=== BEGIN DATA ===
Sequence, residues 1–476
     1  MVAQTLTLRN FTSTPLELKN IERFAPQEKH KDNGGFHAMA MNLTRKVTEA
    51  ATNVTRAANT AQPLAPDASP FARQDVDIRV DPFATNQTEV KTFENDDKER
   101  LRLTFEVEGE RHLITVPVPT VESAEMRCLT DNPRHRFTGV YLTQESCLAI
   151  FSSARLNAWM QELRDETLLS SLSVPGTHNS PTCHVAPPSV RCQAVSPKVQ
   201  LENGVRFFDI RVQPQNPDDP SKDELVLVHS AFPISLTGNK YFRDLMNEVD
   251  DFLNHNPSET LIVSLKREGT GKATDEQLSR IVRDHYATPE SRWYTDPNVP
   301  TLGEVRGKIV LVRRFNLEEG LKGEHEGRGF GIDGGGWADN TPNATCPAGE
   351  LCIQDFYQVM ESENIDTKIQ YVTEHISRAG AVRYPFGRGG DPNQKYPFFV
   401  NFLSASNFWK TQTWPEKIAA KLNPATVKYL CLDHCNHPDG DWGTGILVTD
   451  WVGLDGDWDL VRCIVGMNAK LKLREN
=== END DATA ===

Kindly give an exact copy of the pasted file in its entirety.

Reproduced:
Sequence, residues 1–476
     1  MVAQTLTLRN FTSTPLELKN IERFAPQEKH KDNGGFHAMA MNLTRKVTEA
    51  ATNVTRAANT AQPLAPDASP FARQDVDIRV DPFATNQTEV KTFENDDKER
   101  LRLTFEVEGE RHLITVPVPT VESAEMRCLT DNPRHRFTGV YLTQESCLAI
   151  FSSARLNAWM QELRDETLLS SLSVPGTHNS PTCHVAPPSV RCQAVSPKVQ
   201  LENGVRFFDI RVQPQNPDDP SKDELVLVHS AFPISLTGNK YFRDLMNEVD
   251  DFLNHNPSET LIVSLKREGT GKATDEQLSR IVRDHYATPE SRWYTDPNVP
   301  TLGEVRGKIV LVRRFNLEEG LKGEHEGRGF GIDGGGWADN TPNATCPAGE
   351  LCIQDFYQVM ESENIDTKIQ YVTEHISRAG AVRYPFGRGG DPNQKYPFFV
   401  NFLSASNFWK TQTWPEKIAA KLNPATVKYL CLDHCNHPDG DWGTGILVTD
   451  WVGLDGDWDL VRCIVGMNAK LKLREN